Daily digest

Regulators say Michigan could triple wind, solar production

MICHIGAN: State regulators say Michigan’s utilities are on track to meet the state’s renewable energy standard, and have the capability to triple their production of renewable energy by 2035. (Detroit Free Press)

UTILITIES: A report says outdated utility business models, rather than technology or cost, are the main factors holding back clean energy development. (Midwest Energy News)

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OIL: A proposed crude oil terminal on Lake Superior is placed indefinitely on hold, hopes for a Kansas oil boom are further diminished as Shell pulls out of the state entirely. (Wisconsin Public Radio, Wichita Eagle)

COAL: An Illinois coal company’s offer to pay for power plant upgrades is part of a larger pattern of the industry seeking creative ways to expand its marketplace. (Chicago Tribune)

ALSO: EPA Administrator Gina McCarthy says new carbon rules will provide a lifeline for the coal industry by accelerating development of carbon-capture technology, a Michigan utility delays the retirement of three coal plants, and a financial firm says the structure of Ameren’s transfer of five Illinois coal plants to Dynegy shoulders the risk on communities where the plants are located. (InsideClimate News, MLive, FierceEnergy)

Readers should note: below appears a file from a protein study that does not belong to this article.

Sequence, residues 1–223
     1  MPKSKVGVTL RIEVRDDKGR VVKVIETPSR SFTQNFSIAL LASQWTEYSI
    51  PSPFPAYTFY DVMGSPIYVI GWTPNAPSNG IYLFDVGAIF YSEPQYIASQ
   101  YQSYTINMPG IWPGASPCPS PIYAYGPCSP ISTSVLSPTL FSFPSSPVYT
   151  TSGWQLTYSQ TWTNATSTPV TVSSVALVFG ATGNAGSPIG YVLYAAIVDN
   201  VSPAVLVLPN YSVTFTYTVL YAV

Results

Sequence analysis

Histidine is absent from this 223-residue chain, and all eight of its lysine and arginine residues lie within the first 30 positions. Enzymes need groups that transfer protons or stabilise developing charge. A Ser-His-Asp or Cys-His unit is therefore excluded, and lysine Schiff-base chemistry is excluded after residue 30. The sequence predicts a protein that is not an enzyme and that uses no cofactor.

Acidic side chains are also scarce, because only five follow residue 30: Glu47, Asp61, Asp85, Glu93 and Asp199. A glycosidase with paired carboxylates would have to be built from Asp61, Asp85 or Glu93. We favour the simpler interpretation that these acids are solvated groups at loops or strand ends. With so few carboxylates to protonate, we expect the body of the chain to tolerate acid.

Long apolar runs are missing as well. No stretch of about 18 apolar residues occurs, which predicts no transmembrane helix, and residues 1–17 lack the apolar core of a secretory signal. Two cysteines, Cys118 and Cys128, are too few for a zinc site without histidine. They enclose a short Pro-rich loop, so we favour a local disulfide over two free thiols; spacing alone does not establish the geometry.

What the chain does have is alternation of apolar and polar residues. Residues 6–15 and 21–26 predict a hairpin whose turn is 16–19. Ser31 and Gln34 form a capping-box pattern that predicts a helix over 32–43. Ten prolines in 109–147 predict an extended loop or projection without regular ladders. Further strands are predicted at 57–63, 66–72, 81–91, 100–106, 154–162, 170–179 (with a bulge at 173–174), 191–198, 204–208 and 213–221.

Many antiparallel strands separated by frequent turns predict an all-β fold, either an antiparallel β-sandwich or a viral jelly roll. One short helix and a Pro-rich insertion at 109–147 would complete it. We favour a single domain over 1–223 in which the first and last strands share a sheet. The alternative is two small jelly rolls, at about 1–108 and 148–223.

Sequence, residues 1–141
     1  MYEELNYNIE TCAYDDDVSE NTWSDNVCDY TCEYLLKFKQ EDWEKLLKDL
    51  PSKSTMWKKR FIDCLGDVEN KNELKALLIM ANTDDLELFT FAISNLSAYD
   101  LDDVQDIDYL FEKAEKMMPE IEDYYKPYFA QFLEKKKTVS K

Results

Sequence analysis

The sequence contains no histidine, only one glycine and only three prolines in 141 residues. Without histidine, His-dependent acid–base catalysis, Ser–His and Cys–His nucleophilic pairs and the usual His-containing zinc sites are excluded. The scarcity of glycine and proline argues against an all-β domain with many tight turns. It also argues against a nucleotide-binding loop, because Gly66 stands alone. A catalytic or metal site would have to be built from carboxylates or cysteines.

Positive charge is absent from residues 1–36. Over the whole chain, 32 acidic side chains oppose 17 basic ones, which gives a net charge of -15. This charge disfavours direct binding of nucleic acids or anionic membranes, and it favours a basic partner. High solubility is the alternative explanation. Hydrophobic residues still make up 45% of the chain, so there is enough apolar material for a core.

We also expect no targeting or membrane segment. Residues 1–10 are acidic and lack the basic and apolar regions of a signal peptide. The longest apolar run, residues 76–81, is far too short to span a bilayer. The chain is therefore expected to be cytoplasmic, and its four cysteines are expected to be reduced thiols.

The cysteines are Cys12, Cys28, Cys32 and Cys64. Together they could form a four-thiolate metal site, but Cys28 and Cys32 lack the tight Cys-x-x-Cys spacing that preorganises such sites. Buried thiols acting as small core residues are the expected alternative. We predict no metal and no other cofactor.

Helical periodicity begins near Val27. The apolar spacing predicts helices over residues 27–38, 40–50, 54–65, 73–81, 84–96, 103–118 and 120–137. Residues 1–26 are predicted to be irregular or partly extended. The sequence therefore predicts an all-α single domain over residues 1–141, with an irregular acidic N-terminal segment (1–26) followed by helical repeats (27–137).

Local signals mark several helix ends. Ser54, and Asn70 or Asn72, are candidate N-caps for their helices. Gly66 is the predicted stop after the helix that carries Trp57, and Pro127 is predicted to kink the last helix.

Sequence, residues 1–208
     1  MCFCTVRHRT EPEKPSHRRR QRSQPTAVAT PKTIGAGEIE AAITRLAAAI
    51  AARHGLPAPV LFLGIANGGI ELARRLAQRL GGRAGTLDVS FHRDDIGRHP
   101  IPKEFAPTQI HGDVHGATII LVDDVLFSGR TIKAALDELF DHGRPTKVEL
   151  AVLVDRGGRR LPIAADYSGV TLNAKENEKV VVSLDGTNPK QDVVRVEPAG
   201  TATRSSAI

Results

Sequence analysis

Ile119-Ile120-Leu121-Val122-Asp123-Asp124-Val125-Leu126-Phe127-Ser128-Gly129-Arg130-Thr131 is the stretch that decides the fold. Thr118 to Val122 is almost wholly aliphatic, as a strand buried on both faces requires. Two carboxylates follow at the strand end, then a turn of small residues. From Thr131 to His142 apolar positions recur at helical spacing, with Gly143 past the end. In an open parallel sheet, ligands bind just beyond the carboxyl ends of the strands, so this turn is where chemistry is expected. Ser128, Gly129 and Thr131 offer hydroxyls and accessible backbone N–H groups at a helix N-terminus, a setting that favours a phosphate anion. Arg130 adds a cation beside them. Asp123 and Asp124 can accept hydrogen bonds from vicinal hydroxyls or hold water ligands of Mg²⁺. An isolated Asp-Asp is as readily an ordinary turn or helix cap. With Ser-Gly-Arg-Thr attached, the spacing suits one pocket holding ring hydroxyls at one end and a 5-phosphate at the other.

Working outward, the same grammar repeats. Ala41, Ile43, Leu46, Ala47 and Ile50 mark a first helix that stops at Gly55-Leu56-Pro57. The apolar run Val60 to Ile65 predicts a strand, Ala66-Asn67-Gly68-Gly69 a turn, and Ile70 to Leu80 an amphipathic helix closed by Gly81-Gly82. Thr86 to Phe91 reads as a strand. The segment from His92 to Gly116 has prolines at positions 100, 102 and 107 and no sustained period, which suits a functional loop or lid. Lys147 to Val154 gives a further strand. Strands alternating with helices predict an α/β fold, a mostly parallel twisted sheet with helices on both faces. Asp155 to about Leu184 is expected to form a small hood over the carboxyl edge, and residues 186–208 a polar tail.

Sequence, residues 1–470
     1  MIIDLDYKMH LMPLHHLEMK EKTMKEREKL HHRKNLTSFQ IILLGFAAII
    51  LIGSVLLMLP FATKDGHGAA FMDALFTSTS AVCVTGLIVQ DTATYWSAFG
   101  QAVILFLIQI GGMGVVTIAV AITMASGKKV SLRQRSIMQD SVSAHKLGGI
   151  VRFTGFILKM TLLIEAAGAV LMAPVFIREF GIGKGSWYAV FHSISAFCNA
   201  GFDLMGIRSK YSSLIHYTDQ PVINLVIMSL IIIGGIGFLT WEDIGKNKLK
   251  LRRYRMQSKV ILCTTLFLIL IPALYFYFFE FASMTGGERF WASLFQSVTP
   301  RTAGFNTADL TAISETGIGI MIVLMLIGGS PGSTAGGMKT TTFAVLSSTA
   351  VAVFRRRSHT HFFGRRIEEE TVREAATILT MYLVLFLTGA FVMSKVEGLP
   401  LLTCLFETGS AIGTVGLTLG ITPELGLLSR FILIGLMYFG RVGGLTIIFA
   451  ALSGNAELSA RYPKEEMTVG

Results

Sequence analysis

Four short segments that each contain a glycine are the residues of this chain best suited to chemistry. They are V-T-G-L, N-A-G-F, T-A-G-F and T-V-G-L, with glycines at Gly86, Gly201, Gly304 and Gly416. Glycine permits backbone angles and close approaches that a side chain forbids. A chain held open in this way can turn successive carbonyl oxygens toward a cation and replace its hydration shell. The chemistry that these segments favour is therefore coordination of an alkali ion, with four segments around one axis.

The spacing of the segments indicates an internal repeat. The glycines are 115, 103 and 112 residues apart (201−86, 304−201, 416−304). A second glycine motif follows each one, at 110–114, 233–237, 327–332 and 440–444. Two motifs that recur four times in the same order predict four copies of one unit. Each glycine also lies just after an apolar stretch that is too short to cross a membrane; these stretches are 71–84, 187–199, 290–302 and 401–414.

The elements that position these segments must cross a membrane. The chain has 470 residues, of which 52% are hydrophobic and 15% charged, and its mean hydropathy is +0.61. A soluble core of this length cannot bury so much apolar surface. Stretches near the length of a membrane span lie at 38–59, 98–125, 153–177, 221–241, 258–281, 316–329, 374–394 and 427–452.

WIND: Offshore wind turbines in Lake Erie are viable, can easily be defended from ice floes, and could even benefit fisheries, according to a preliminary engineers’ report. (Cleveland Plain Dealer)

KEYSTONE XL: Activists in Nebraska celebrate completion of a solar-powered barn in the path of the Keystone XL pipeline; billionaire climate activist Tom Steyer was on hand for the event. (Lincoln Journal Star)

FERC: The White House says despite political pushback, it’s sticking with its nomination of Ron Binz to head the agency. (The Hill)

CLIMATE: Officials in Ann Arbor, Michigan, consider divesting the city’s pension fund from fossil fuel interests, and a new study says cutting greenhouse gas emissions could prevent millions of premature deaths. (MLive, LiveScience)

POLLUTION: In a deal with Chicago officials, a railroad will take steps to drastically reduce diesel emissions at a rail yard near a low-income neighborhood. (Chicago Tribune)

FRACKING: Ohio scientists seek locations for safe disposal of drilling waste. (Columbus Dispatch)

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SOLAR: A Missouri utility reaches an agreement for construction of the state’s largest solar array. (Springfield News-Leader)

COMMENTARY: Six myths about renewable energy. (Wall Street Journal)

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